Cruse, Howard. Stuck Rubber Baby – A truly eye-opening comic. The story is set in the South in the early ’60s and deals with homophobia, racism and the gay subculture of that period. The art is absolutely beautiful; Cruse is a master of the cross-hatching technique, which gives a certain “texture” to his art work and brings his pages to life. Stuck Rubber Baby is easily the most important comic book since Art Spiegelman’s Maus.

Thompson, Craig. Good-Bye, Chunky Rice – Chunky Rice, a small turtle, embarks on an ocean voyage, where he meets a shady skipper and conjoined twins, Ruth and Livonia,, but he also leaves behind his girlfriend Dandel, who sends him letters in a bottle.

Thanks to Douglas Lord of Library Journal


Worst Books of 2008

December 31, 2008

They can’t all be winners.  What have you read that disappointed you this year?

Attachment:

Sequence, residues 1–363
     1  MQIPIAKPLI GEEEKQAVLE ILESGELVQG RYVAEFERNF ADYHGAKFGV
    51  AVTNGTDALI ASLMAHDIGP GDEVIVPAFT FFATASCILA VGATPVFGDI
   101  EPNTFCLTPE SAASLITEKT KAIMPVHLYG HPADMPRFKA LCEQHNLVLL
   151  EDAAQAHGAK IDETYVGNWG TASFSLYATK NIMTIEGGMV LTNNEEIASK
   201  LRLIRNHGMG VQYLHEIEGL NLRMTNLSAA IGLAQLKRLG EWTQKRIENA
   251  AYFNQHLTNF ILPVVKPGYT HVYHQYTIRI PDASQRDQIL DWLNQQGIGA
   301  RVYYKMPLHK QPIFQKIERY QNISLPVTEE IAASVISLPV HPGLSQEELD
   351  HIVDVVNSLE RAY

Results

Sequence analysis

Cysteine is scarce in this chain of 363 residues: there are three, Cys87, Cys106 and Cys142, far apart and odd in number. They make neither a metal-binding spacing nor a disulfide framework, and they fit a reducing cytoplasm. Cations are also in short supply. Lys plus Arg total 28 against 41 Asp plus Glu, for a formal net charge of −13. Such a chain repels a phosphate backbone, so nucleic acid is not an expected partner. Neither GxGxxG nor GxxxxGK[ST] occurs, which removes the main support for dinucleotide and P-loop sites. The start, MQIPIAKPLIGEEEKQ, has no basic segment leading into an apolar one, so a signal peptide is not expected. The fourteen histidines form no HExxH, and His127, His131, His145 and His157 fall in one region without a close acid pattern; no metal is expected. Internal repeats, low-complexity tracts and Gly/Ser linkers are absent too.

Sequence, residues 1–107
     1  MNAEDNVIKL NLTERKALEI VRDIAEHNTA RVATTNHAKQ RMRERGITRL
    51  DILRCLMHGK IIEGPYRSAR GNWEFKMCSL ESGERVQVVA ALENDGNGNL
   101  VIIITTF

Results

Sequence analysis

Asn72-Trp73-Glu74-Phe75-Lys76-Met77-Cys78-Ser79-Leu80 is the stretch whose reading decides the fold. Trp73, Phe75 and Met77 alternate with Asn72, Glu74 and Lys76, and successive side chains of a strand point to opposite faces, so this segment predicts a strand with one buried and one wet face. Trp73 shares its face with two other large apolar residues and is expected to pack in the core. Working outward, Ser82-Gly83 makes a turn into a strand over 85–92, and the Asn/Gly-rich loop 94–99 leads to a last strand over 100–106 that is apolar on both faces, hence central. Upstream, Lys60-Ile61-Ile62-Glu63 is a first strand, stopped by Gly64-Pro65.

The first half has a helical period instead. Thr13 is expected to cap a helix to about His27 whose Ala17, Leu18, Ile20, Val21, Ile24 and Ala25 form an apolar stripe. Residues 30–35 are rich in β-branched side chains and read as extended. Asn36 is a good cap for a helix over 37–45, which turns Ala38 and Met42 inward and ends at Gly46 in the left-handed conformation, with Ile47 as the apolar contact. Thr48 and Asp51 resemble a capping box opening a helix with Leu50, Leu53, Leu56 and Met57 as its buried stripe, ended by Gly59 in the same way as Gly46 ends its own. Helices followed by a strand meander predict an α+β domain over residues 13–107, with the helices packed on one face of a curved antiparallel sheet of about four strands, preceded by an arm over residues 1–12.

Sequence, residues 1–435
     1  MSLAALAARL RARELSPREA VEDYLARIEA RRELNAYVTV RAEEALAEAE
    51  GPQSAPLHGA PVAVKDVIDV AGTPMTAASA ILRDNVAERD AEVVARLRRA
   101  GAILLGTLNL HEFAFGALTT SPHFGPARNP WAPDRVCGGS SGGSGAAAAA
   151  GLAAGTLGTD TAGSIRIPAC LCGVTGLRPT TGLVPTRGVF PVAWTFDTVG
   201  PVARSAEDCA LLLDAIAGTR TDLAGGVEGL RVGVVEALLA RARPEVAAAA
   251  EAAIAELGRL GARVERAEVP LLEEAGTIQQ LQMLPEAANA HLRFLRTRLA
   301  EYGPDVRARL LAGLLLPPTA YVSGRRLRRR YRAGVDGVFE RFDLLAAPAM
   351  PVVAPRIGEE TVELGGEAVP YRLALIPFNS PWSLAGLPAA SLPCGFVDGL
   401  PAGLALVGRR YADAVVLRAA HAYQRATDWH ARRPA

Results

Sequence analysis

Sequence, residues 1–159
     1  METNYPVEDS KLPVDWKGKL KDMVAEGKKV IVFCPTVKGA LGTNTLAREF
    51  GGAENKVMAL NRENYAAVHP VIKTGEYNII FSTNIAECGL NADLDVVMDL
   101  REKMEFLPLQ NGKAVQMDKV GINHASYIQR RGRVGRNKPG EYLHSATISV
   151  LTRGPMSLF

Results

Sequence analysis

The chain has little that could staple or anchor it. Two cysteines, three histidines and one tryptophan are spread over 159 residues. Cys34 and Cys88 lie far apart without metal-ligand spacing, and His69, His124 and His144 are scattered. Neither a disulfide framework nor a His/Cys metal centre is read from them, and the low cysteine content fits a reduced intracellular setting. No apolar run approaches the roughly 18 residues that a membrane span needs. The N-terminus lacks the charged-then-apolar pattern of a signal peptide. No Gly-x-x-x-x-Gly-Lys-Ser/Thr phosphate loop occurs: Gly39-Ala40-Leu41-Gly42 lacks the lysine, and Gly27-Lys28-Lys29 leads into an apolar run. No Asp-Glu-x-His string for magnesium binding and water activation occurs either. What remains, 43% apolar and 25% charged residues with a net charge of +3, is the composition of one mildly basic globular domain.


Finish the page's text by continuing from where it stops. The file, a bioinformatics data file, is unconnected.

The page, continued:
EW.com’s 5 Worst Books of 2008

1. CHASING HARRY WINSTON, Lauren Weisberger
2. THE LACE READER, 
Brunonia Barry
3. THE GARGOYLE, 
Andrew Davidson
4. BRIGHT SHINY MORNING, James Frey
5. A WOLF AT THE TABLE, Augusten Burroughs


Foreign Correspondent

December 7, 2007

The Lives of Others (2006)
Starring: Martina Gedeck, Ulrich Mühe Director: Florian Henckel von Donnersmarck
Rating: R
Run Time: 138 minutes

This film takes place in East Germany during the 1970’s. The filmmakers convey through effective lighting and setting the soullessness of communism during the Cold War era. The Stasi (East Germany’s secret police) monitor the lives of all those perceived to be subversive. Weisler is the archetypical agent assigned to watch Georg a prominent author and his actress girlfriend Christa. Weisler’s superior sees exposing Georg as way of advancing their careers. As Weisler’s surveillance of Georg, Christa and his cronies progresses he learns every intimate detail of their lives. Georg is the antithesis of the repressive East German regime. Weisler inexplicably begins to admire Georg and goes to lengths to protect him. Weisler is faced with few options, none of them to his liking.

Chris Garland